Obesity is a growing problem around the world with more people becoming obese and at a younger age.
Young children with a Body Mass Index (BMI) greater than 20.5 are classified as severely obese. By the time they reaches the age of 18, A BMI of 35 is a sign of severe obesity.
In a study carried out on 500 children between 2005 and 2007 in the Netherlands, 307 identified as severely obese.
Two-thirds of the 307 children studied had a least one early symptom of hypertension.
By age 12 they had high cholesterol, blood glucose and blood pressure, according to the study in the journal Archives of Disease in Childhood.
Just over half of these 307 children were boys. They tended to be more severely obese at the younger end of the age spectrum; the reverse was true of girls.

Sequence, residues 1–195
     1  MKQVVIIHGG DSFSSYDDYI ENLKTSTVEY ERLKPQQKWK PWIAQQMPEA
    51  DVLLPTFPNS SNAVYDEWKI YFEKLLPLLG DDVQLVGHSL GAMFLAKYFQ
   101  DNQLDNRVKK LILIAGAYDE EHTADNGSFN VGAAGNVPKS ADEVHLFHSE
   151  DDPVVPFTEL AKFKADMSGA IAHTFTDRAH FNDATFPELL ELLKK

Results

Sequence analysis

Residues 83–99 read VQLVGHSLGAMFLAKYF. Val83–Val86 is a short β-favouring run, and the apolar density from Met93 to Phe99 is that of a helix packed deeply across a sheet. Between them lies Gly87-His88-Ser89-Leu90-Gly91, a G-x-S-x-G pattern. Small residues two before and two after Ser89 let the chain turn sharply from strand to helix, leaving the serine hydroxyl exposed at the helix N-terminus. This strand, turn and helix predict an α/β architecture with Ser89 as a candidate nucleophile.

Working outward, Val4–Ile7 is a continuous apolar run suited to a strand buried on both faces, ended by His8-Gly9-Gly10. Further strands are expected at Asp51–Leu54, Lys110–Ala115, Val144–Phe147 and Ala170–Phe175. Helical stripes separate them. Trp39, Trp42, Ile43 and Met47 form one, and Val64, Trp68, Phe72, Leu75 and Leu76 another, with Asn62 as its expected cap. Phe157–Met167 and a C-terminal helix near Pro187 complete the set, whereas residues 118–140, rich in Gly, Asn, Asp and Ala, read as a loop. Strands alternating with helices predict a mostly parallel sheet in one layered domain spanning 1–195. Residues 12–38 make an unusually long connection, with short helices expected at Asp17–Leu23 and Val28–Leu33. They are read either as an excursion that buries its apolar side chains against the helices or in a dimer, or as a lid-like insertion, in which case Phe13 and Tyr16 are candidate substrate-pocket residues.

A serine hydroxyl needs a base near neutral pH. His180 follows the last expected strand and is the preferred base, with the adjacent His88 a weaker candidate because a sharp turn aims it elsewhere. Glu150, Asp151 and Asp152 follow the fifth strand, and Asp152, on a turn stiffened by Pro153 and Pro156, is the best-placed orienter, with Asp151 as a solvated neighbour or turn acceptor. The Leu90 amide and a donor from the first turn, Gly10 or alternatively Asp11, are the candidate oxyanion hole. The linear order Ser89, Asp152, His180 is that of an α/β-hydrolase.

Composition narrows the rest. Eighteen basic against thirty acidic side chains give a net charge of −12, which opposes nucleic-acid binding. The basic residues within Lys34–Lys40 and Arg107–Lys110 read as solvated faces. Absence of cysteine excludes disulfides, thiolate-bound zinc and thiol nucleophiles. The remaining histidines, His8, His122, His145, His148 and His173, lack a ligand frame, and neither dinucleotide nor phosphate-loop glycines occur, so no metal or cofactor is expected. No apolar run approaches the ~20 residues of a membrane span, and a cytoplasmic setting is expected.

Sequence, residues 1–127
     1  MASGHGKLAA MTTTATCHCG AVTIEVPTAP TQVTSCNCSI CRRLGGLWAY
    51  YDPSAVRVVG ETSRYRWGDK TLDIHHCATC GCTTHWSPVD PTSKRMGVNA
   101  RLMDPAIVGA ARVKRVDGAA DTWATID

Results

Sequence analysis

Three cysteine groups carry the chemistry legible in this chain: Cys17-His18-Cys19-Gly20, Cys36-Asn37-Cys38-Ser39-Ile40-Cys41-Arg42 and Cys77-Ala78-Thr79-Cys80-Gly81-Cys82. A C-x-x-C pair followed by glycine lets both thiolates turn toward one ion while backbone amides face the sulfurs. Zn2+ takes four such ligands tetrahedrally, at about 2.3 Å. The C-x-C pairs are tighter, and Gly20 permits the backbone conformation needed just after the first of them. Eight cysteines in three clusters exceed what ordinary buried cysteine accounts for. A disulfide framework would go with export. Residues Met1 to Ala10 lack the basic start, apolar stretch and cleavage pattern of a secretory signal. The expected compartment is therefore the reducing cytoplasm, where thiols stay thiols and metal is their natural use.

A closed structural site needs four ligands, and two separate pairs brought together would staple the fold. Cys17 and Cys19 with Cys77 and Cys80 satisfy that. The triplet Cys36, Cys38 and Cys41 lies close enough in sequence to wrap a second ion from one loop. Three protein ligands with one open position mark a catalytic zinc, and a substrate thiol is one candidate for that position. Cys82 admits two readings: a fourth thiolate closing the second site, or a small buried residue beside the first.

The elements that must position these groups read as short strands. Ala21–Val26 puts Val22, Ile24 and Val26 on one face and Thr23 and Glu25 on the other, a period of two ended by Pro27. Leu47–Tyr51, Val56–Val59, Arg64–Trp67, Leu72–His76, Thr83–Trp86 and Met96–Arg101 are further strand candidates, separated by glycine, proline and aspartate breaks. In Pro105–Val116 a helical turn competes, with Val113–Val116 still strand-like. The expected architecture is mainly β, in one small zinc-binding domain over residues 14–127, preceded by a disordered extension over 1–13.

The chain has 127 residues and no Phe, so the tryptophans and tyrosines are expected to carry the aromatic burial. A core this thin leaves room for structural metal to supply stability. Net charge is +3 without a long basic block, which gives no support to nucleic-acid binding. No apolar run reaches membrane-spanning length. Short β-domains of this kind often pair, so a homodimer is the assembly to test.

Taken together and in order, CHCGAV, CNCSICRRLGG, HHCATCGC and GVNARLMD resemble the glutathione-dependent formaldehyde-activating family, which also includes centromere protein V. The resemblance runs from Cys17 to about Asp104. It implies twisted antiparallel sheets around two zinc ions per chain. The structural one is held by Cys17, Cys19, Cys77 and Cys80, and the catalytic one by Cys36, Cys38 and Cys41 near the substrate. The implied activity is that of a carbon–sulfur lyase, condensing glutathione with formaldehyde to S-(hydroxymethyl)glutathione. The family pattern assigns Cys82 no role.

Sixty five percent had at least one cardiovascular risk factor. Fifty percent had high blood pressure; a similar proportion had high levels of low density ‘bad’ cholesterol; fourteen percent had high fasting blood glucose; and just under one per cent already had type 2 diabetes.
Only one child’s obesity was attributable to medical rather than lifestyle factors.
Doireann Maddock, a senior cardiac nurse with the British Heart Foundation, said: “Highlighting the importance of healthy eating and physical activity from an early age will help protect the heart health of future generations.”
Dr. Joana Kist-van Holthe, Department of Public and Occupational Health, at the University Medical Center, Amsterdam, wrote: “The prevalence of impaired fasting glucose in these children, is worrying, considering the increasing prevalence worldwide of type 2 diabetes in children and adolescents.”
The researchers said this ‘may lead to cardiovascular disease in young adulthood’.